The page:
1996–Current: Generation Z

Benton is a small town. The old mining hub in southern Illinoisis easy to miss, but Benton-native and incoming Missouri Baptist University freshman Anna Hughes is surely not. With stylish short hair and a cropped black leather jacket paired with an assured gait, Hughes’ presence demands attention. Welcome to MBU, GenZ.

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Hughes is among the first class of a new era at MBU—the first class of Generation Z. She’s unable to remember a time prior to the war on terrorism, the rise of personal computing and financial instability. The childhood of uncertainty is producing a new generation of students ready to take—and create—the world.

This mentality developed a significant entrepreneurial spirit. In fact, 42 percent of Generation Z desires to be their own boss and 3 percent currently own their own business according to a Gallup poll. For Hughes, the entrepreneurial spirit is strong.


Business with concentration in entrepreneurship
First computing device:
Windows ’95 Dell
Advice to younger generations:
Jesus is much better than the cares of the world. Focus on Him and everything else will fall in place.

Hughes has a vision of opening a neighborhood café with coffee, quaint sandwiches
and conversations that lead to relationships, and ultimately, souls saved. The evangelical nature is the mission to her visionary café and the root of her entrepreneurial spirit.

At MBU, Hughes is taking a fresh approach to the classic business major—she is studying business with an entrepreneurial focus. The new concentration launched fall 2013, echoing the entrepreneurial spirit of the University.

For Hughes, the entrepreneur route was not straightforward. Ever since she can remember, her plan was to be a journalist. She excelled in English courses and became editor of her high school yearbook—the Scarab—but she realized that God was calling her to a different path to fulfill a riskier dream long forgotten.

“God doesn’t put passions in your life without a reason,” said Hughes. “After seeking the Lord, my friend reminded me that God calls us to do crazy things, and I realized that I needed to follow my crazy vision.”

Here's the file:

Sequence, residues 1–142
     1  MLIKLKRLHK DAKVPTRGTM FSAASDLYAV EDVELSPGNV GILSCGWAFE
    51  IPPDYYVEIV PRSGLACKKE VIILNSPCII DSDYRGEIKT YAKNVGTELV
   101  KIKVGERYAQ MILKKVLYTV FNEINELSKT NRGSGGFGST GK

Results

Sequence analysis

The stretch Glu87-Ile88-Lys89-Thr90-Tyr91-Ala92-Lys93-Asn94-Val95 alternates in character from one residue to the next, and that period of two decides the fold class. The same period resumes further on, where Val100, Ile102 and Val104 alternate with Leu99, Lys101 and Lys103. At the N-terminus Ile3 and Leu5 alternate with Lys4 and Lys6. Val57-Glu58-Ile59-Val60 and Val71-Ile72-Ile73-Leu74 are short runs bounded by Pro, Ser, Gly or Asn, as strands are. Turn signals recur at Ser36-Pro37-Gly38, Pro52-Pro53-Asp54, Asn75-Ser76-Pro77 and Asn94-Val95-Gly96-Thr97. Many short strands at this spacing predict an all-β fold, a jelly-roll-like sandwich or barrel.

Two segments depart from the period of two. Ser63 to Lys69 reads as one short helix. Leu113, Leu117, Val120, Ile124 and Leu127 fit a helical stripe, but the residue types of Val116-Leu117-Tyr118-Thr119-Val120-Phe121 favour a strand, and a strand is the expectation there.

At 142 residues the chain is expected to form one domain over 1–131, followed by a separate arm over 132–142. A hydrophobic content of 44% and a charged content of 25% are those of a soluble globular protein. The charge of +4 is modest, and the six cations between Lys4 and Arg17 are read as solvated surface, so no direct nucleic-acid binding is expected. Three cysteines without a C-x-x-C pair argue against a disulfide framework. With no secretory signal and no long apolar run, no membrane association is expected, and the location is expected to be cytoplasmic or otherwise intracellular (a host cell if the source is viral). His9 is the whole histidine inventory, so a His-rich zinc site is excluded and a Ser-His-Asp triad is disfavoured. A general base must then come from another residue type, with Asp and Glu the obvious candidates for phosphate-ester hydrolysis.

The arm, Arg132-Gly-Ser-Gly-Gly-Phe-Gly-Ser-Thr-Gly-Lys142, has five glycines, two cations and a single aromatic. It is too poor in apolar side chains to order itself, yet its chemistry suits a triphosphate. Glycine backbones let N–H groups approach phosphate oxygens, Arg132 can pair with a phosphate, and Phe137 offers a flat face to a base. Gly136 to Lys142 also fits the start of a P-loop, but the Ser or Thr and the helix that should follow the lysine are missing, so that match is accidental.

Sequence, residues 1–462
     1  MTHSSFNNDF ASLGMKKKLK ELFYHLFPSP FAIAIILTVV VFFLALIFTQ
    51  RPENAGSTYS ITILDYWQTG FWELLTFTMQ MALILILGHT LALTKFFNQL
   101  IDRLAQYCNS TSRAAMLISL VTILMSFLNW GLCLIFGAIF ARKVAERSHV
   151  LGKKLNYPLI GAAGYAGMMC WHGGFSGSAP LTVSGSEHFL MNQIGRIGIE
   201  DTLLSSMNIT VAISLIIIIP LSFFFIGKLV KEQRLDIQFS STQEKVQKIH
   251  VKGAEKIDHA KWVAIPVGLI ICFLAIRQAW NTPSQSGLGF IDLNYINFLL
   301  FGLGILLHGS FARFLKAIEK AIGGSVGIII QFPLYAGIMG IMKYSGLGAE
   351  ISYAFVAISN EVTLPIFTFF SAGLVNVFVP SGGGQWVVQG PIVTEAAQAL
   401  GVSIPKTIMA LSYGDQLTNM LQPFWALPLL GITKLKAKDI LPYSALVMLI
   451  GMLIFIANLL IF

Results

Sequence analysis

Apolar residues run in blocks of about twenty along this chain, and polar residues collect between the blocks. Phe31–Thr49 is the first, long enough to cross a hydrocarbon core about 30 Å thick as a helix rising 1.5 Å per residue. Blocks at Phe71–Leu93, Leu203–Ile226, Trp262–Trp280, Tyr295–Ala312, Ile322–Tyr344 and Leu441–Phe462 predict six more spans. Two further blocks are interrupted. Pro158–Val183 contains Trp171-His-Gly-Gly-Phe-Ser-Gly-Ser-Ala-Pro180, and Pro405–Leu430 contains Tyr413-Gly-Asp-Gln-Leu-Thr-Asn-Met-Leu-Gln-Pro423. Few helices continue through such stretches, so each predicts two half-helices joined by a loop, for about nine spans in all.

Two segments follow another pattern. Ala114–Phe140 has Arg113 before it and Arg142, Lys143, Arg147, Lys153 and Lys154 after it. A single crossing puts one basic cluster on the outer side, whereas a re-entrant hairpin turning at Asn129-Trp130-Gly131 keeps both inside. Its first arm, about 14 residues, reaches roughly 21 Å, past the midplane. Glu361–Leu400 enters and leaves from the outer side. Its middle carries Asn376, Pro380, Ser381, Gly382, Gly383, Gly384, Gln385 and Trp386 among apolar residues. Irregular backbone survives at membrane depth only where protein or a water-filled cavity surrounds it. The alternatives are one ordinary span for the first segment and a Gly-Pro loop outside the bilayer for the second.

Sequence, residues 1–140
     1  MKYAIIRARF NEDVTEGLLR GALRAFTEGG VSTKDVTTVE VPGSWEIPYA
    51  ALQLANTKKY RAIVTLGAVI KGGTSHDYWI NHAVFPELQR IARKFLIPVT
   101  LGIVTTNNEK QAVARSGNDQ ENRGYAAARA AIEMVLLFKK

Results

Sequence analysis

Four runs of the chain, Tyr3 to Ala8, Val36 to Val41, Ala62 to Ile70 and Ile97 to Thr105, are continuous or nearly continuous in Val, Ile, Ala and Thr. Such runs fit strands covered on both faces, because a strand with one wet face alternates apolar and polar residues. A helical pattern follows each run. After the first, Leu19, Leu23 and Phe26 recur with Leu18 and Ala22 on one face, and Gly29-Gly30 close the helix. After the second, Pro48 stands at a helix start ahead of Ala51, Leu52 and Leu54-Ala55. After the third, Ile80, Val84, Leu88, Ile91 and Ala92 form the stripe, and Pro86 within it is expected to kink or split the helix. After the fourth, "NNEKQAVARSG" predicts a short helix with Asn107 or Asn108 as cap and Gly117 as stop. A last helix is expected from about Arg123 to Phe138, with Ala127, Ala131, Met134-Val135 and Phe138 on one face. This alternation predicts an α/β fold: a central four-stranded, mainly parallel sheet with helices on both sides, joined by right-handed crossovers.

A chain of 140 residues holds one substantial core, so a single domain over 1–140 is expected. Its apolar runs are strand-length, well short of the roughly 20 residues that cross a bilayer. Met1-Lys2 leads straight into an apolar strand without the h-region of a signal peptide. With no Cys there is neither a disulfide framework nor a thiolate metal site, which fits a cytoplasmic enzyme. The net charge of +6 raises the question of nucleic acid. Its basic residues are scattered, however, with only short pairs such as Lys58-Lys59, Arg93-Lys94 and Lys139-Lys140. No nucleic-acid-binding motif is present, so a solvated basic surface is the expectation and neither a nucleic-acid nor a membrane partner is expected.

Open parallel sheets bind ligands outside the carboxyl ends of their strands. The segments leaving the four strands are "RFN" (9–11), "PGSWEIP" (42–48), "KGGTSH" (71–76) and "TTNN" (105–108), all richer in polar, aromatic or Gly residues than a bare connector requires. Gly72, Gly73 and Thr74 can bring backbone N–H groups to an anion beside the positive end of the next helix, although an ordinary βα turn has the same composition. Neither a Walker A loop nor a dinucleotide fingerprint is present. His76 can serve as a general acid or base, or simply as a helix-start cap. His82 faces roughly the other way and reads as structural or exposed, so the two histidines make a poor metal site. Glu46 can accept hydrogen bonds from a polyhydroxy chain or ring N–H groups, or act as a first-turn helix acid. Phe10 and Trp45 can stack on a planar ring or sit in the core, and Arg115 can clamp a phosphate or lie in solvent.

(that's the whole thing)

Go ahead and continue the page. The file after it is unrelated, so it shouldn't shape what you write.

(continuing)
Christ is Hughes’ cornerstone. Her faith motivates her to serve in the slums of Kampala, Uganda, to teach local vacation bible schools, to lead Christian camps and to disciple youth groups. As she travels the world, Hughes is intentional about using relationships to point others to Christ and strengthen their faith.

It’s that deep desire for relationships that enables her to focus on an individual with little regard to a buzzing phone. Despite growing up with computers (in fourth grade
a classmate had her own cell phone), Hughes is appreciative of technology, but values traditional relationships, and unplugged moments. Technology is a tool, not a dictator. Hughes isn’t alone—about 85 percent of GenZ prefers to meet a friend face-to-face rather via technology, according to a Sparks & Honey study.

The digital revolution has afforded Hughes and her classmates opportunities impossible in the past. In addition to taking dual-credit college courses, Hughes was able to complete online college courses. It’s an ambitious spirit that leads Hughes and her classmates to enter college with a year’s worth of college credits in their pockets. Even though the first GenZ students graduated high school this year, MBU has already served 2,500 Generation Z students through excel, a program providing the opportunity for high school juniors and seniors to enroll in college courses.

The emerging trend coincides with the higher expectations parents have set for their students. Attending college is less of a choice and more of an expectation. “My parents have high hopes for me,” said Hughes.

“Even when I was young, I knew my parents expected me to attend college.”

In fact, this generation believes that higher education is valuable and necessary for a solid career—81 percent of Generation Z views a college degree as important to advancing their career goals, according to the Pew Research Center. Hughes sees higher education not only as essential for career success but also an environment to build her faith, strengthen her character and further learn to lead.

While each generation has trends and commonalities, each individual has a unique story more developed and complicated than studies and generalizations.

“I am unique,” declares Hughes. “I cannot be defined solely on my birth year. I am so much more—and so is everyone else.”

Each MBU student is an intricate human with distinct dreams, needs and talents, and a desire to be mentored and prepared to succeed in an evolving world. This desire remains the same even as generations change. And so MBU continues to foster individuals from each generation—developing community leaders fully prepared to shine wherever they may go.